Now You Can Eat Shrimp Raised On-Site at Kualoa Ranch

Move over, oysters. The family-owned ranch in Ka‘a‘awa grows shrimp, too.


Kualoa Ranch Shrimp

Kualoa Ranch Shrimp. Photo: Aaron K. Yoshino / Hawai‘i Magazine



It’s no secret that the stretch of Kamehameha Highway from Kahuku to Hale‘iwa is dotted with food trucks and roadside eateries serving plates of buttery garlic shrimp. There’s Romy’s Kahuku Prawns & Shrimp, where the shrimp is caught every day from the aquaculture ponds behind its red shack, and the popular Giovanni’s Original White Shrimp Truck with its throngs of visitors lining up for the $14 shrimp scampi plate.


But miles before you hit that first shrimp truck, you’ll pass Kualoa Ranch. While this 4,000-acre working ranch is best known (recently, anyway) as the backdrop for many blockbuster films, including Jurassic World: Fallen Kingdom, Kualoa Ranch grows a ton of food. So much so, in fact, the ranch recently revamped its Taste of Kualoa Farm Tour, a 90-minute farm-to-table immersion tour that gives visitors a chance to see and taste the bounty the ranch produces, from the oysters raised in the 153-acre Mōliʻi Fishpond to the variety of fruits that grow along the shoreline.


SEE ALSO: Tour The Food Offerings at Kualoa Ranch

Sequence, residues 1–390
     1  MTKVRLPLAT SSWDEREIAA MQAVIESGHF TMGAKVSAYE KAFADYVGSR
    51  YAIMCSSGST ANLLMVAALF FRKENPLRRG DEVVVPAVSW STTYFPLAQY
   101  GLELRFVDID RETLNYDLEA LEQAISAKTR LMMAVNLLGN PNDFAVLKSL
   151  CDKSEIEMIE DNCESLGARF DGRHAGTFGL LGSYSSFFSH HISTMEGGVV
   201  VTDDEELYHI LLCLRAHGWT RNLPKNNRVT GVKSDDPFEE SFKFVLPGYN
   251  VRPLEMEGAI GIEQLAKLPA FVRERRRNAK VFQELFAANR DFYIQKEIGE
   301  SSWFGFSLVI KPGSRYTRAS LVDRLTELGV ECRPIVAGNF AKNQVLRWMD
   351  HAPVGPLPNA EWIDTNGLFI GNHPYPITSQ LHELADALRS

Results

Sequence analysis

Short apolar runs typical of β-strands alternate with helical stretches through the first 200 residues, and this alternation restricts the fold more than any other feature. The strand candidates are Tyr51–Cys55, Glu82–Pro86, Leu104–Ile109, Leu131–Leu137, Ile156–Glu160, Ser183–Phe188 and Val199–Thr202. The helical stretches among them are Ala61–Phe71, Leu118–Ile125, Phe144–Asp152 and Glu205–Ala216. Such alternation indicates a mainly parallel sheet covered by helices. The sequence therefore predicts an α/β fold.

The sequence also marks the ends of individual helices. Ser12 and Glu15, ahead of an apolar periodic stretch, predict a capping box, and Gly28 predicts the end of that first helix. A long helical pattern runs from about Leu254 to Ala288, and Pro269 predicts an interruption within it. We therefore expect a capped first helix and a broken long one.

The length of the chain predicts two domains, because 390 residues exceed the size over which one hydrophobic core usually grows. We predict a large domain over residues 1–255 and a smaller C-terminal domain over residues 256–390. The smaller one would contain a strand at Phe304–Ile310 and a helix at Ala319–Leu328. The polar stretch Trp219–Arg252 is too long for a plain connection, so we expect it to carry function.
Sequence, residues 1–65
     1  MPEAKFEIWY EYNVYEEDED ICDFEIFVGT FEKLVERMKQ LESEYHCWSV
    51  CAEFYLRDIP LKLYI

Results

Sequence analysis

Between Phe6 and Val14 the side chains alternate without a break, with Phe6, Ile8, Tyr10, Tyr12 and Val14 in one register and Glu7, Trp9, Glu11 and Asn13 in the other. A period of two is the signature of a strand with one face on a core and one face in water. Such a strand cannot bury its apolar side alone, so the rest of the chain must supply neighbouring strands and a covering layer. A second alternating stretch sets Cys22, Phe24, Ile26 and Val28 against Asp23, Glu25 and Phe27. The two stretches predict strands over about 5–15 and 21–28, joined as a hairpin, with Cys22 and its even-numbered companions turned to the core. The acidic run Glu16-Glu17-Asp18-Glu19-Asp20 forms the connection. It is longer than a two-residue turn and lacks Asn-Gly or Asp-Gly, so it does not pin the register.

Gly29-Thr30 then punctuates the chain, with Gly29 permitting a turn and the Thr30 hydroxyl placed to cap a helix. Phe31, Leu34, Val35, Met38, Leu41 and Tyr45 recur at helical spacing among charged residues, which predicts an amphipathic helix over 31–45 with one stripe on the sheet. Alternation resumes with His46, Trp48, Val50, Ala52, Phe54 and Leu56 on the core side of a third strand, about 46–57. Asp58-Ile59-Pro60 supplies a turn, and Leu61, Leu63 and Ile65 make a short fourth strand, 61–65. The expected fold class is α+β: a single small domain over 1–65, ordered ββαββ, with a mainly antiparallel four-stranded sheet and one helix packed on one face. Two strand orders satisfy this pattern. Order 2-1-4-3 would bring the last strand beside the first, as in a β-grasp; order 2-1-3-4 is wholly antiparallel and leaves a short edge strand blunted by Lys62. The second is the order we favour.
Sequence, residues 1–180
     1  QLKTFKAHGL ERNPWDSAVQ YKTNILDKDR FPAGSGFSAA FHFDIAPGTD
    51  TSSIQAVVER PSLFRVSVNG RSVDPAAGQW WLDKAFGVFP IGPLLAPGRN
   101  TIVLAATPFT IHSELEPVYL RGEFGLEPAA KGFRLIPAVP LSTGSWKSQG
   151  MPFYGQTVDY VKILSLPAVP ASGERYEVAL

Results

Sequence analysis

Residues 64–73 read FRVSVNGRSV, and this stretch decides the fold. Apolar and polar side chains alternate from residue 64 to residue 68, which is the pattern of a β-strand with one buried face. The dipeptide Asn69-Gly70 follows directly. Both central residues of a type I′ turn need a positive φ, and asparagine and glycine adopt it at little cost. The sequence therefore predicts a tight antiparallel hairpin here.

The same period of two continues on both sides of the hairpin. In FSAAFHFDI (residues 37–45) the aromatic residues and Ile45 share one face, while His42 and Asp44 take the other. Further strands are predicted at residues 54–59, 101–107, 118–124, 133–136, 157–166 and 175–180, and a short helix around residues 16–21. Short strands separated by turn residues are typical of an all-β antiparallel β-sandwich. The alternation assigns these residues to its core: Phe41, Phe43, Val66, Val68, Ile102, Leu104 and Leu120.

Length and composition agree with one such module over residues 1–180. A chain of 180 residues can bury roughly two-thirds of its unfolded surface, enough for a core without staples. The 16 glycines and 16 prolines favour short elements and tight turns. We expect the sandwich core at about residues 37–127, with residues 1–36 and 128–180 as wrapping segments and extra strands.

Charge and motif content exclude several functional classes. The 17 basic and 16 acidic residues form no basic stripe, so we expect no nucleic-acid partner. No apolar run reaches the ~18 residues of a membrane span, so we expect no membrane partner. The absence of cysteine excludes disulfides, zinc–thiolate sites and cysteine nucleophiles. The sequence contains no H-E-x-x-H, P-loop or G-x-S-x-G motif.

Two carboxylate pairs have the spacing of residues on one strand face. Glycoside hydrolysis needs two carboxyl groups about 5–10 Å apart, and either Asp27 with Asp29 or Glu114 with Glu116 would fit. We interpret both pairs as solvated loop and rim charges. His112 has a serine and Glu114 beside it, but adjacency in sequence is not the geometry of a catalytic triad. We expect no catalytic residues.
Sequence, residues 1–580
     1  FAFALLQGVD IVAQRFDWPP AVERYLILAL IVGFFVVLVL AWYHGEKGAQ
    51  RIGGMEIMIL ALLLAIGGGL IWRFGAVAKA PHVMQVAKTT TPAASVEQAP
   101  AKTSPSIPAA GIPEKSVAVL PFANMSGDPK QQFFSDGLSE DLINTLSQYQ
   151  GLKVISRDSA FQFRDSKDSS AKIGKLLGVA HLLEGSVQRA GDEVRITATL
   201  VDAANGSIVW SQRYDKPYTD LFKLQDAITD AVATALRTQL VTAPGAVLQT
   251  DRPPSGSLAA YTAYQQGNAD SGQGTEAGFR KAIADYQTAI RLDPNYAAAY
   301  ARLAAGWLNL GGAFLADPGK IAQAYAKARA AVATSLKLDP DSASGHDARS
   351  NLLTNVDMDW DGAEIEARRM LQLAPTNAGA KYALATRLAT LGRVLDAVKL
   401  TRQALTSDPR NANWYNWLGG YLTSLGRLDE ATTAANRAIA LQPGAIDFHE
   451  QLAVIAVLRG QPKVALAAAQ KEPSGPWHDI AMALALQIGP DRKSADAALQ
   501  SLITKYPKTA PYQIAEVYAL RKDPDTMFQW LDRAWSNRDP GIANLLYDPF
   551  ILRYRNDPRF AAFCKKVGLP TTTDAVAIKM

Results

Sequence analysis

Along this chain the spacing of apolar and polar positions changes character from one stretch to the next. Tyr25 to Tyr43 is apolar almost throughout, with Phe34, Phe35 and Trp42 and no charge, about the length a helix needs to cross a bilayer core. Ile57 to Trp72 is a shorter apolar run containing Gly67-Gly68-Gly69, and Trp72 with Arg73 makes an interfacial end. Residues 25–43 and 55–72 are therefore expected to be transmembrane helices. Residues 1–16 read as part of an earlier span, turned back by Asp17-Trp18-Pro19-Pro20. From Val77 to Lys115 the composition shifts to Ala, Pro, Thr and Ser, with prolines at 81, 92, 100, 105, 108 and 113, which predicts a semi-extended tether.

Oysters Kualoa Ranch

Photo: Aaron K. Yoshino / Hawai‘i Magazine



For a few years, the ranch has been raising white shrimp, mostly in earthen ponds on the makai side of the highway. The shrimp is sold frozen at the ranch’s visitor center for $12 a pound and served in restaurants around the island.


About a year ago, Aunty Pat’s Paniolo Café, the restaurant located in the visitor center, started using the ranch-grown shrimp in its garlic shrimp plates ($16)—and they’ve been a hit. You can’t beat fresh shrimp, explains chef Kimo Kaʻuhane.


“Our shrimp is a little sweeter,” says Kaʻuhane, who joined the ranch this year. (He was born and raised in upstate New York and decided to move to Hawai‘i, where his father was from, in 2008.) “I don’t know if it has to do with the way the ponds are set up here, but it’s good. I eat the heads, too. There’s so much flavor in the head.”


The plate comes with 12 pieces of ranch-grown shrimp, sautéed in garlic and butter. The café sells at least 40 plates a day, which translates to about 95 pounds of shrimp every five days. “It’s crazy,” he says.


Ka‘uhane is working on a spicy marinade, maybe using a kim chee base. “I don’t want to do it the same way as everyone else,” he says.


The café serves other foods grown at the ranch, too, including beef, tilapia, eggs and fruits.


“I never knew Kualoa Ranch to be a food place, but we’re going to turn that around,” Kaʻuhane says. “I want people to say, ʻLet’s go to Kualoa Ranch for lunch.’”


49-560 Kamehameha Highway, (808) 237-7321,